I am always a little behind when it comes to tying in current events on this site, so it should come as little surprise that I am just now going to bring up Derek Jeter. I spent my youth as a Yankee fan, watching as Phil Rizzuto and Bill White added commentary to the games on WPIX and listening late at night on WCBS AM when the Bombers went out on their west coast road trips.
Don Mattingly was my hero then. He was the hard-working, contact-hitting, gold-glove playing first basemen who was affectionately known as Donny Baseball. He was a great player on a mediocre team, and would have been a shoe-in for the hall of fame if a troublesome back injury hadn’t shortened his career. In 1995, during his last season, the Yankees finally got into the playoffs as a wildcard team. They ultimately lost to Seattle in game 5, but Mattingly played well during the series.
A rookie shortstop traveled with the team to Seattle and got his first post season experience watching Donny and the Yankees fall to the Mariners. He would become a starter the next season and along with Tino Martinez, who replaced Mattingly at first base, Derek Jeter would become the new face of the Yankees and usher in a dynasty that ultimately included winning five World Series over the next 14 seasons.
What’s the point of all of this you ask? With Jeter’s retirement a few weeks ago, a sudden realization came over me that Popeye would never get to see Derek Jeter play baseball. Will he even like baseball? Will there still be players worth rooting for?
One of my favorite television shows is Seinfeld. To this day, if I come across a rerun, I still enjoy it immensely and I think that the humor holds up pretty well. I recently read an article that pointed out that many of the plot lines in Seinfeld revolved around the notion that the characters couldn’t locate each other. In fact, many of the issues faced by Jerry, George, Elaine and Kramer would be easily solved by the technology that exists today. Where would the humor come from if Jerry and the gang had smartphones?
It then hit me that kids today will not even understand many of the jokes in a typical Seinfeld episode. There’s a high probability that my son will think that Seinfeld is… stupid.
So these two events got me to thinking about other things the little man won’t get to see or won’t see the point of. Here are 7 things today’s kids won’t understand.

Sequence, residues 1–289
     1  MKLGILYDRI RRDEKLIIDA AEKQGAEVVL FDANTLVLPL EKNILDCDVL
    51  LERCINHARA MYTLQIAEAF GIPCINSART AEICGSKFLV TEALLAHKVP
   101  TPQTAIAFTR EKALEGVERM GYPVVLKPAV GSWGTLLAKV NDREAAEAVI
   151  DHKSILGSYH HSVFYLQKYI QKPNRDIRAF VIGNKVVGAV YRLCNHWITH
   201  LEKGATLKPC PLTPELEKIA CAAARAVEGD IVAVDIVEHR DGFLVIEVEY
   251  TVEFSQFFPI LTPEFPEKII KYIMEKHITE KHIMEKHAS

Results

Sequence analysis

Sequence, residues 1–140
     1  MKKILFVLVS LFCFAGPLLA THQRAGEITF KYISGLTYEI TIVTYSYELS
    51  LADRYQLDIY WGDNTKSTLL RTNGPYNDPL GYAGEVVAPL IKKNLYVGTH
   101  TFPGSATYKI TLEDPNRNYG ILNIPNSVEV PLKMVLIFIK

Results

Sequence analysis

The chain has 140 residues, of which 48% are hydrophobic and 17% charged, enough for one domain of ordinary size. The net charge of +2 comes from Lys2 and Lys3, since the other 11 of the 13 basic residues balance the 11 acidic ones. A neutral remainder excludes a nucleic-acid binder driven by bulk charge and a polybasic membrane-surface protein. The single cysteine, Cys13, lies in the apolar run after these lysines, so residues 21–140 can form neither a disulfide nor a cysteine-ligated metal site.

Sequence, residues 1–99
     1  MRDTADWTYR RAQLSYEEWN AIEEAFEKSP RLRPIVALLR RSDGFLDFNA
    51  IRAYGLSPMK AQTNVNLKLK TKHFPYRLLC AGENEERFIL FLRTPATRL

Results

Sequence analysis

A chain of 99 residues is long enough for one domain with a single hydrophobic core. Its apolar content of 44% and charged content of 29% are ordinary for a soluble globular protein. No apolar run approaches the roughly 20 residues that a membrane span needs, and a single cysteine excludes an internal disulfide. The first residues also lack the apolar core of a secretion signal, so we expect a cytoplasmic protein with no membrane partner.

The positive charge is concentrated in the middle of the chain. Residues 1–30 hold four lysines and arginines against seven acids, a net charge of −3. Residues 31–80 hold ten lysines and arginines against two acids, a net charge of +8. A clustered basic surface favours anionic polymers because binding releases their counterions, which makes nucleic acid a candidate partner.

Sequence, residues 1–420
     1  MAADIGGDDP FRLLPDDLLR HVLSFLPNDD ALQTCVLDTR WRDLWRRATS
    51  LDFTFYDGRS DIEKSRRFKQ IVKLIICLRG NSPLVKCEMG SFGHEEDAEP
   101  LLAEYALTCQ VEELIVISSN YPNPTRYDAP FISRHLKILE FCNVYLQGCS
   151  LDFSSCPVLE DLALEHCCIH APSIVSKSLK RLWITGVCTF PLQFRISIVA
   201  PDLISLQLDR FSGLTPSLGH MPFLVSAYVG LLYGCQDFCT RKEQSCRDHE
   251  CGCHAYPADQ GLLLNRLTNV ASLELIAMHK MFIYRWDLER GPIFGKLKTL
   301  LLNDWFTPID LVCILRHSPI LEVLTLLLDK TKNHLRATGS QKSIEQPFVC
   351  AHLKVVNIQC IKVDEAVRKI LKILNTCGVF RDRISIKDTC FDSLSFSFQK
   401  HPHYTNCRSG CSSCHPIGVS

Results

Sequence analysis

1. Today’s Kids Will Never Be Physically Lost
Though I faintly recall a time when maps and atlases were how we successfully traveled long distances, my most lasting memories are the countless times that MapQuest let me down. You’d locate your destination online, print out the step by step directions and be on your merry way. Things would begin well enough, the first few steps went great and your optimism was high, but then you’d get to a step that was either physically impossible or totally incorrect. Eventually, you either gave up completely, had to pull over and find a pay phone or you accidentally found your way to your destination and arrived with a crumpled up printout, high anxiety and newfound anger issues.
2. Today’s Kids Have Answers at Their Fingertips
You know that nagging feeling when you kind of recognize someone in a movie but can’t quite place them? Before Google and IMDB, you actually had to rely on your memory to recall where you had seen that actor. If it really bothered you, then you called someone and hoped that they could help you solve the riddle before it drove you to the brink of madness. The same thing happened when a commercial came on and you wanted to know the song. Now, you just click on your phone, hold it up towards the TV and in a few seconds you have the artist, the song name and even a link to buy the song if you feel so inclined. Note: I have yet to feel so inclined.
3. Today’s Kids Will Use Their Phones For Everything Except Phone Calls
Even for those of us who lived before smartphones it’s hard to recall the time when the only thing a phone did was connect you with someone else via a wire. Do you remember that anxious and exhilarating feeling of not knowing who was calling you? Do you recall memorizing the phone number of someone that you had a crush on? How about when a few long distance phone calls could set you, or your parents (most likely your parents), back hundreds of dollars? Remember the sound of your dial up modem connecting to America Online or not being able to get in touch with someone because of a busy signal? Kids today will not understand any of this.